Exploring the Mountainside Vineyards of Cheval des Andes Wines, Mendoza

From the unique terroir to a blended vision of the past and future

The oldest Malbec vine on the 35-hectare Cheval des Andes estate—located just outside the town of Mendoza, Argentina—dates back to 1929. Once, the Malbec grape flourished in Bordeaux, France. An insect known as the phylloxera would decimate it in the 1860s and a frost would do so again in the 1950s, but in South America it would remain untouched. Malbec vines sprawl across the Cheval des Andes vineyard, which abuts the Andean Precordillera (a smaller range that introduces the Andes proper on the side of Argentina). Malbec makes up a vast percentage of the Cheval des Andes red wines, but there’s more than just the grape. A visit to the estate—on a gray day just a few weeks before the South American harvest—revealed many factors that have led to the glowing reception the wine has received since its vintage debut in 1999.

Pierre Lurton might be one of the most famous names in modern winemaking. Lurton oversees the prestigious Château Cheval Blanc label (housed in Bordeaux) and he is also one of the creative forces behind Cheval des Andes. Lurton toured Argentina in the late ’90s, seeking out a new world terroir that would be receptive to the traditional methods of production that drew Cheval Blanc its acclaim. He visited LVMH sister site Terrazas des Andes and ended up at the 80-year-old Las Compuertas vineyard. He was moved by the location—the closest to the mountains—and delighted by wines from the region. Cheval des Andes resulted from this inspiration and desire.

Many components make up terroir and, walking through the vineyards, all elements become evident. More than just providing a view of stone rising beyond, the mountains effect both the soil and the weather. Lurton knew this and understood it would impact the wine. As Lorenzo Pasquini, Technical Manager and Winemaker at Cheval des Andes, shared with us as we strolled through the vines, “The most important thing is location. There are no vineyards between us and Andes. This is very important for fresh grapes. Fresh grapes means fresh wine and for us fresh wine means age-able wine.” Proximity to the mountains means the soil is halfway between rich, rocky and sandy (the region itself can be desert-like). Smaller grains move down in elevation through wind and rain. It makes for substantial soil for Malbec grapes to grow. Further, the mountains catch weather systems moving westward—allowing for adequate natural irrigation and temperature moderation.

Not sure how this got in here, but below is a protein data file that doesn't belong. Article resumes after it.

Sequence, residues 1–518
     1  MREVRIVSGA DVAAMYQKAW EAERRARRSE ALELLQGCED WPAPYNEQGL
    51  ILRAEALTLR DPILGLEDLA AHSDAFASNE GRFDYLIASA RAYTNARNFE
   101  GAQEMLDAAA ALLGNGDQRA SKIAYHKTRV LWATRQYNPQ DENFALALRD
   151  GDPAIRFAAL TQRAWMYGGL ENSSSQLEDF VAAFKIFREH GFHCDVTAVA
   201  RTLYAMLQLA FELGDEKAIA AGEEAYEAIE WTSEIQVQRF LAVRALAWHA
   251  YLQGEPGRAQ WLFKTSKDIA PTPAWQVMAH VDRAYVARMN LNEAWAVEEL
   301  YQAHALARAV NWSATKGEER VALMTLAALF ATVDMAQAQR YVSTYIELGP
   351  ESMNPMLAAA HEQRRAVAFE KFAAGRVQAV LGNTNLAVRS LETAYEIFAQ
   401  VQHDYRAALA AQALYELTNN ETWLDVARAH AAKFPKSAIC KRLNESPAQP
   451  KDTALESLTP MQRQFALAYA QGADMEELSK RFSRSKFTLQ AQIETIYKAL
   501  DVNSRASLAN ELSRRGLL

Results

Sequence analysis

Another less tangible element appears when walking through the ripened vines. There’s a liveliness to the grounds: horses and dogs reside on the premises, and birds can be heard chirping. It’s not staid but active. Even its height above sea level lends to its impact. “The vineyards are at almost 11,000 feet. It’s very high for most places in the world. Altitude keeps freshness and slows down the ripening. It allows for the accumulation of sugars and allows for the maturation of tannins,” Pasquini continues. The grapes are then vinified at a dedicated part of the Terrazas facility, though they plan on having their own winery in the near future. The Terrazas winery dates back to 1898 and lends its historic impact, but Pasquini affirms that it is the farming and looking after the grapes that imparts something greatest importance.

An aged wine, or a wine made to age well, has been an uncommon product in the region—despite the fact that wine has been produced there for hundreds of years. While Mendoza and the surrounding towns and villages boom with escalating wine production, much of it is for immediate consumption. There’s been increased interest in both South American and Argentine wines of late, and Malbec has surged in popularity. But Cheval des Andes is trying to produce for longevity. Pasquini furthers this notion by expressing his knowledge of the areas irrigation systems—developed by the Incas, altered by Europeans, and uniting to become what they use today: a modern flood irrigation system that employs the impact of nature.

While Malbec is the principal component of Cheval des Andes, four other grape varietals are grown on site including Cabernet Sauvignon. The other varietals add notes and flourishes to the wine. The wine, of course, matters most. In their earliest vintages, the brand presented old world wine crafted from new world terroir and grapes—baring the flourishes of such. Their latest iterations, and those forthcoming which we had a chance to sample, maintain that traditional sense of refinement, but there’s greater buoyancy. These aren’t highly acidic wines nor are they overly sweet South American reds. There is an intensity to them (especially in the forthcoming 2012) but these are top tier Argentine wines, guided by the hands of French masters.

Cheval des Andes wines can be around the world using their online store locator.

Images by David Graver